Center for American Progress

STATEMENT: CAP Economist Michael Madowitz on the August 2019 Jobs Report
Press Statement

STATEMENT: CAP Economist Michael Madowitz on the August 2019 Jobs Report

Washington, D.C. — Center for American Progress Economist Michael Madowitz released the following statement today on the August 2019 Employment Situation figures from the U.S. Bureau of Labor Statistics:

After a disappointing summer of economic data, today’s jobs figures confirm the labor market is not immune to the slowdown we’re seeing elsewhere. While these data do not suggest a recession is around the corner, the employment situation—the most robust real-time signal of the state of the economy—eliminates any question that the economy has slowed under President Donald Trump’s administration. Today’s top-line numbers show a softening labor market, while a more detailed look at the underlying data actually make a mediocre report look even weaker.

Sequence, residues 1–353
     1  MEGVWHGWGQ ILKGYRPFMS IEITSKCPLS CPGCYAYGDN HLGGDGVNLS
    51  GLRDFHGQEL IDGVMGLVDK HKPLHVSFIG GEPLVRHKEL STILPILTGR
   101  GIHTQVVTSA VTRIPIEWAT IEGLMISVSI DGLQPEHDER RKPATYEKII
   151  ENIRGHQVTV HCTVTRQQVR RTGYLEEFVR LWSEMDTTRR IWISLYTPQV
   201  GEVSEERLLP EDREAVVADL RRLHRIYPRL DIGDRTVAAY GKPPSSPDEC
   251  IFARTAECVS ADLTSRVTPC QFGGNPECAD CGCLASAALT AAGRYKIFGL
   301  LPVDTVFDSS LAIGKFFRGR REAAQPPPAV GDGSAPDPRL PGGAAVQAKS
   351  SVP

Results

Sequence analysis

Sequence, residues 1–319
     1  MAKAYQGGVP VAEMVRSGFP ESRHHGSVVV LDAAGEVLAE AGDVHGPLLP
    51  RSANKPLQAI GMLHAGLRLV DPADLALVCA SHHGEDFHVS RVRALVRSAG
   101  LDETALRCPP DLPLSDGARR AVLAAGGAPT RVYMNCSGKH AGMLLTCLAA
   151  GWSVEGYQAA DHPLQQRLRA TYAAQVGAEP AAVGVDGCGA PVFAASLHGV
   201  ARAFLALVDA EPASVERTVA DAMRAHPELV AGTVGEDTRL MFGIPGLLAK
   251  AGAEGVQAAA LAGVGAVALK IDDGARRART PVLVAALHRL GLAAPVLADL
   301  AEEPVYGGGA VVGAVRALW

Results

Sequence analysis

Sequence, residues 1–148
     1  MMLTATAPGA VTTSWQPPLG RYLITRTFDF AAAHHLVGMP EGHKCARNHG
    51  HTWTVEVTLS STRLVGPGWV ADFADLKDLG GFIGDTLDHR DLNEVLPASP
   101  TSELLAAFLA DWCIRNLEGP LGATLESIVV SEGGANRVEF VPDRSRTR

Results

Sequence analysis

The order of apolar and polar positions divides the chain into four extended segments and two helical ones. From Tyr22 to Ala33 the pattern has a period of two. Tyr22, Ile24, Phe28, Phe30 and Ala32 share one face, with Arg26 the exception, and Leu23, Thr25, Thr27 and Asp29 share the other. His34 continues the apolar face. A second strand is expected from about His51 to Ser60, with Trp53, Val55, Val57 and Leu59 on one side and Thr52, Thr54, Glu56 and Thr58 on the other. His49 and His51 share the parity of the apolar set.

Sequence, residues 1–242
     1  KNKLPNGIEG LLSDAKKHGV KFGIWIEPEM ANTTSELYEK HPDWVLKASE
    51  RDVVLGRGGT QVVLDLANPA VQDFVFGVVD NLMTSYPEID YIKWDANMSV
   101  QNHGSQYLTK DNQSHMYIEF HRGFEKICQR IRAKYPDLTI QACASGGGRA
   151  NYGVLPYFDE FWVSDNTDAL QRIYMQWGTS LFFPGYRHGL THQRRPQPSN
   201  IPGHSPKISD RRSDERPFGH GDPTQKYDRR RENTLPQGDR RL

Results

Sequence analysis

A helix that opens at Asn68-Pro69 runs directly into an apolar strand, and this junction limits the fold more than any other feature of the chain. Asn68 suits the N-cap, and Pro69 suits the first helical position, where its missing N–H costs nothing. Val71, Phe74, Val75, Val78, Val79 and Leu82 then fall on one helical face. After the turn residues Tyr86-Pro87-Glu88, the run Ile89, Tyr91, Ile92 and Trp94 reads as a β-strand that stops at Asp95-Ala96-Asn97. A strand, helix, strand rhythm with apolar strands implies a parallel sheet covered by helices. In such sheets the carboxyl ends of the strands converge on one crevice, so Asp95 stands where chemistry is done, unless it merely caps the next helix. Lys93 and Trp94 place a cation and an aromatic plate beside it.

Trump’s economic slowdown is now clear in a broad set of economic data, with GDP growth, job gains, real wages, and a host of other indicators consistently showing the U.S. economy has slowed over the last six quarters. After averaging around 200,000 new jobs a month since 2012, we’ve dropped to under 160,000 a month in 2019, and that includes the beginning of census hiring.

Where we go from here is unfortunately an open question. There is an opportunity to make things better: This summer’s budget deal should support the government hiring that has been a major plus since Trump took office, and the administration has the ability to increase economic growth simply by suspending some of the bad policies it has unilaterally pursued, like trade posturing and anti-growth immigration policies.

But it’s increasingly clear that the tax giveaway to the rich was just a temporary sugar high for the economy, and a slowing global economy and considerable political uncertainty in a large number of the world’s largest economies mean there is no guarantee Trump’s economic slowdown has reached its nadir.

For more information or to speak to an expert, contact Allison Preiss at or 202.478.6331.